I’ve spent the past two days trying to convince myself that I didn’t make a huge mistake in coming up here. I’ve spent 48 hours thinking of all the good that’s coming from being up here again: I get to be around those friends who are in my same stage of life, who are some of the most supportive women I’ve had the pleasure of knowing. I get the terrifying privilege of attempting to live on my own for the first time and stretch those wings of independence. I get to have a space that isn’t shared by anyone, which allows me to finally have some peace and quiet after two years of being constantly surrounded by others. There are so many good things that have come from me leaving Texas.

I suppose I just didn’t realize how many ghosts were still haunting me when I wasn’t paying attention. I didn’t notice how strong of a hold someone’s actions still had over me. I wanted to be able to say that I was over it and his behavior, his attitude, his voice no longer made me want to curl up in an attempt to not feel so sick. I can’t say that yet, as evidenced by my past few days. It’s far better than it was, which is a welcome improvement. It isn’t good yet, but I’m still holding out hope that there is some sort of healing that will come in time from being back in the same town.

Frankfurter Dom, Frankfurt, Germany - September 2014
Frankfurter Dom, Frankfurt, Germany – September 2014

listening to: Sleigh Bells

Here Comes the Sun

Little darling, the smiles returning to the faces

Little darling, it seems like years since it’s been here

Five years ago, I was in the last stages of preparing for my wedding. I was excited and nervous, but ready for the next step. I was marrying someone that my family actually liked, that I had fun with, and that I believed in.

Five years ago, I was also a wreck.

For the couple days leading up to my wedding day, any little word or action was strong enough to cause tears and panic. I remember in the hours before the ceremony began, my eyes were in a constant state of overflowing.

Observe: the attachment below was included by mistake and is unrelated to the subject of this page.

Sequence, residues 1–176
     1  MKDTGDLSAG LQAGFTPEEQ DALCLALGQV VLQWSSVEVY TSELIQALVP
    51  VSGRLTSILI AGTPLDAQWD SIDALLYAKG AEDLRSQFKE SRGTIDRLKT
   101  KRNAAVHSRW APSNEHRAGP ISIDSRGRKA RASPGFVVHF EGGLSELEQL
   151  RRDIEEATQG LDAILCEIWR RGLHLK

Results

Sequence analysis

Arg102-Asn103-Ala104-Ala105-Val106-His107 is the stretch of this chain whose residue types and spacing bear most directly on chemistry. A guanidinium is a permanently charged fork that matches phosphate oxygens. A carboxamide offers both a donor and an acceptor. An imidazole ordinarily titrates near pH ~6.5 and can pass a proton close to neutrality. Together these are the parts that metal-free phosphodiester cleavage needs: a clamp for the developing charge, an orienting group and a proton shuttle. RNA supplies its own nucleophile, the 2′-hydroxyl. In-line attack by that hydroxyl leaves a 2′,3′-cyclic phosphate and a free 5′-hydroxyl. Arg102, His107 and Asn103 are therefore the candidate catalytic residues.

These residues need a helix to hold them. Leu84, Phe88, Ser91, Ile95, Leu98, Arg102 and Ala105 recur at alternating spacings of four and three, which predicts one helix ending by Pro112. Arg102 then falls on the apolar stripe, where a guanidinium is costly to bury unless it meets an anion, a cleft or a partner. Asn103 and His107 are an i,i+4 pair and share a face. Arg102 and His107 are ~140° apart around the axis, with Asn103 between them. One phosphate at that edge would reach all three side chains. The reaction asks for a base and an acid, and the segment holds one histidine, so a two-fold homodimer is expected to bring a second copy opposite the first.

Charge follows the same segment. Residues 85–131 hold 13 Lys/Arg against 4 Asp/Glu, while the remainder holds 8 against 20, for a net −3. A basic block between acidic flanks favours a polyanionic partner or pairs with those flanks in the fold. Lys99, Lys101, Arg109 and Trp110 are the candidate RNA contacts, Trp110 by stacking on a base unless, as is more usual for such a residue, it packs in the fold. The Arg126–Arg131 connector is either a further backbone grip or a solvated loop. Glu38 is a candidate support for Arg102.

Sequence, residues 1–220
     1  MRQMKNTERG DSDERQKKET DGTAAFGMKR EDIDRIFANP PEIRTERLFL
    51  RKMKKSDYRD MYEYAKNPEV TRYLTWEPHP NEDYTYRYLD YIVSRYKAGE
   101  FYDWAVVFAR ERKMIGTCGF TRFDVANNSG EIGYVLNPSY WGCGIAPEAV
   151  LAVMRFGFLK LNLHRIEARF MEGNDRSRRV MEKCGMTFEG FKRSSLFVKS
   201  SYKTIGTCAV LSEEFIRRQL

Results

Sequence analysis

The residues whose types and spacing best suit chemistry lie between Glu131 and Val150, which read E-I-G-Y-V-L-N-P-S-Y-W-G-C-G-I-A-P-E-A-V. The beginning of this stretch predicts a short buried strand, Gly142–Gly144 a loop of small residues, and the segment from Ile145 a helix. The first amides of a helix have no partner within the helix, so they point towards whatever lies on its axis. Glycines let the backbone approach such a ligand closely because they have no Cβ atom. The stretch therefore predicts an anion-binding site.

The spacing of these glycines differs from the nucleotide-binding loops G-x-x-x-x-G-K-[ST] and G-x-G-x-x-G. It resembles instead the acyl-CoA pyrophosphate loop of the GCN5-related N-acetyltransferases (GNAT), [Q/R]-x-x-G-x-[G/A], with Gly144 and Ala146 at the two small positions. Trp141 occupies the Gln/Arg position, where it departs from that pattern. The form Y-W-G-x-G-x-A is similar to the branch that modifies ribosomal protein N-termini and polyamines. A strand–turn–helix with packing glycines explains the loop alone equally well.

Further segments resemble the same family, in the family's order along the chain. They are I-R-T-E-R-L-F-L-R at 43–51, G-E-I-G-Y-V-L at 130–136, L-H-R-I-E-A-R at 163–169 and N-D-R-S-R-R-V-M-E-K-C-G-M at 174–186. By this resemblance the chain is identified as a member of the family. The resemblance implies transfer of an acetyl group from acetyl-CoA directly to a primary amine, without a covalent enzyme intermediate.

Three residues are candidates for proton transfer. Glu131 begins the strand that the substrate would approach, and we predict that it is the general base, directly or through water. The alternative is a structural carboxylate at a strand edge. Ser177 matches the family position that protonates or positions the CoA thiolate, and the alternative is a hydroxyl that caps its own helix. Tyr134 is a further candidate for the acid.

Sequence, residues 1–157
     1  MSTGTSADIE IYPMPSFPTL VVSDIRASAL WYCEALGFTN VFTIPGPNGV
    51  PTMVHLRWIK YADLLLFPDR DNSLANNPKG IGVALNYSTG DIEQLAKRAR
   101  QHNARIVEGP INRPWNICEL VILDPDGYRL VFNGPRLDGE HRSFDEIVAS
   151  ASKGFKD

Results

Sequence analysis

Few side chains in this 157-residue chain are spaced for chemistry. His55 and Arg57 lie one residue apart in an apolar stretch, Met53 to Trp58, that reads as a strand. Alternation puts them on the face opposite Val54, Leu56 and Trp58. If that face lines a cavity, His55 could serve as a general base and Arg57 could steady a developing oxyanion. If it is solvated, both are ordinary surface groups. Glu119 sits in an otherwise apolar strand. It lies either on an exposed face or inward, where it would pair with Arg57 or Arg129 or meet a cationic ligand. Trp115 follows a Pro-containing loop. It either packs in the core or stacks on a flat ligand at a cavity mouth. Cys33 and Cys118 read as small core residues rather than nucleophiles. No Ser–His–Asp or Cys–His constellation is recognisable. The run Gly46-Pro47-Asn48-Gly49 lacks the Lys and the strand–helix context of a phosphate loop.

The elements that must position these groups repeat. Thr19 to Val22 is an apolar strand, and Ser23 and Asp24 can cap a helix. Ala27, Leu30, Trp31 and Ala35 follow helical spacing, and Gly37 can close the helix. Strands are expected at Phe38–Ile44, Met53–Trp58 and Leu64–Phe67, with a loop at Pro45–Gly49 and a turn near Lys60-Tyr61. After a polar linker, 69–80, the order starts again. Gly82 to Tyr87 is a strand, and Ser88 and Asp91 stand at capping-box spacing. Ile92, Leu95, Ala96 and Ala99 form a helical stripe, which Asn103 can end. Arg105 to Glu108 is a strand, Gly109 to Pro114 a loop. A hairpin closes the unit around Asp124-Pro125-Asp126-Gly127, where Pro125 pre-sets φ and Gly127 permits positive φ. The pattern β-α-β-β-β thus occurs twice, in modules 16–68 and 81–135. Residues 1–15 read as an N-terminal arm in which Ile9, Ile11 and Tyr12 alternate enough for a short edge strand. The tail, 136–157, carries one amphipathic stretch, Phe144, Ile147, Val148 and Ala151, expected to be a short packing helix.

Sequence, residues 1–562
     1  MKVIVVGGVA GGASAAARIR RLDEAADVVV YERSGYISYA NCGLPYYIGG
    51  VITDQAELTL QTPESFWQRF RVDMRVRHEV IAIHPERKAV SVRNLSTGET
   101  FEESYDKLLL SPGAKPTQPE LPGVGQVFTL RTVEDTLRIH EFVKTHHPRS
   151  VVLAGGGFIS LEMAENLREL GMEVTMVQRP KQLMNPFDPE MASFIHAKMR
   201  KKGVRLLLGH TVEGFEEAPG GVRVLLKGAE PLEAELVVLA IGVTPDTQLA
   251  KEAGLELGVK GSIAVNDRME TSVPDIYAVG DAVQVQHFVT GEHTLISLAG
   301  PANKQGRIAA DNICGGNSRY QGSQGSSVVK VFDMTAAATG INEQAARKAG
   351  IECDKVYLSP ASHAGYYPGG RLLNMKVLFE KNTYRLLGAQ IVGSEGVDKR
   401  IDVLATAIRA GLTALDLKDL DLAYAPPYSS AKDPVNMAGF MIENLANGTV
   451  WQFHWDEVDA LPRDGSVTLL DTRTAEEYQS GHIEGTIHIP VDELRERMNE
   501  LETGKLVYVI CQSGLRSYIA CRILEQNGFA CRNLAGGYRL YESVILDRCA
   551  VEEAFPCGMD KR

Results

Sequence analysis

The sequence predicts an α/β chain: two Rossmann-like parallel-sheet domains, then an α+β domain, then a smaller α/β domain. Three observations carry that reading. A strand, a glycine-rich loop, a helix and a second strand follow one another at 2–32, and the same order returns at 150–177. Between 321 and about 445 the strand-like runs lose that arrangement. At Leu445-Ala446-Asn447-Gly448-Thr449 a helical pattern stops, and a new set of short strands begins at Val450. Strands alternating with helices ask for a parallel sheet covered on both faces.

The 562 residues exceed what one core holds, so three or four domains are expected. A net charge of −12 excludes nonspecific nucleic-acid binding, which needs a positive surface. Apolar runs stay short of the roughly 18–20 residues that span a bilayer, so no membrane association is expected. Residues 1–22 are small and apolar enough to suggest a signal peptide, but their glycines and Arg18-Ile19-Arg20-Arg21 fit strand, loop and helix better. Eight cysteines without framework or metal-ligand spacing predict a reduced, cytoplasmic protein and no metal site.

As most brides will tell you, most of the actual wedding was a blur. For the most part, everything went smoothly, and we were surrounded by people that we loved dearly. Everything I had pictured during the months of planning worked out, and the setting was gorgeous. At the end of the ceremony, we walked out of the church to The Beatles’ “Here Comes the Sun” because I wanted to really capture the hopeful feeling we had for the future.

We made it three years.

Many people who have to deal with the pain of divorce find it difficult to remember the good times during their marriage, myself included. Far too often, I focus on the bad: losing who I was and the activities that made me feel alive, the emotional detachment, his inability to understand hurting me in the worst of ways. I write terrible poems about those times (poetry is definitely not one of my strengths) because there has to be a way to express that pain without hurting others. Despite all of that, I’ve been trying to reflect on the good this week: the smiles, the laughter, the ability to relax, just having someone around all the time. Because despite all of the ugly and sometimes nightmarish memories, no relationship is without sparks of good.

I never saw myself as someone getting married, let alone divorced. Yet here I am, 26 and almost two years divorced. Most of the time, I try to just forget that part of my life, but it was the majority of my early 20s. It shaped me and still haunts me. It taught me what to look for and what to avoid. I learned how to protect and stand up for myself, even when 90% of the people in my life wanted me to go in an opposite direction. It forced me to become far more independent and to stop settling.

So now, I think I’m finally able to embrace my past as a married woman, my present as a divorcee trying to take on life completely independent, and my unpredictable and unknown future.

Sun, sun, sun, here it comes

Caribbean Sea- March 2015
Caribbean Sea- March 2015

The Hardest Part of the Story

The only thing I’ve ever published on this blog and then deleted is still a hard story for me to tell. It’s one that needs to be told and one that I don’t try to hide, but I was far too emotionally invested to write about it appropriately.

People that have known me for a while remember when I got married back in 2010. Looking back at everything now, I realize that the marriage shouldn’t have happened in the first place because I was already far too consumed by my depression, but in the moment, it made sense. The marriage lasted three years. Most of it is now a blur to me, but there are still some very vivid memories.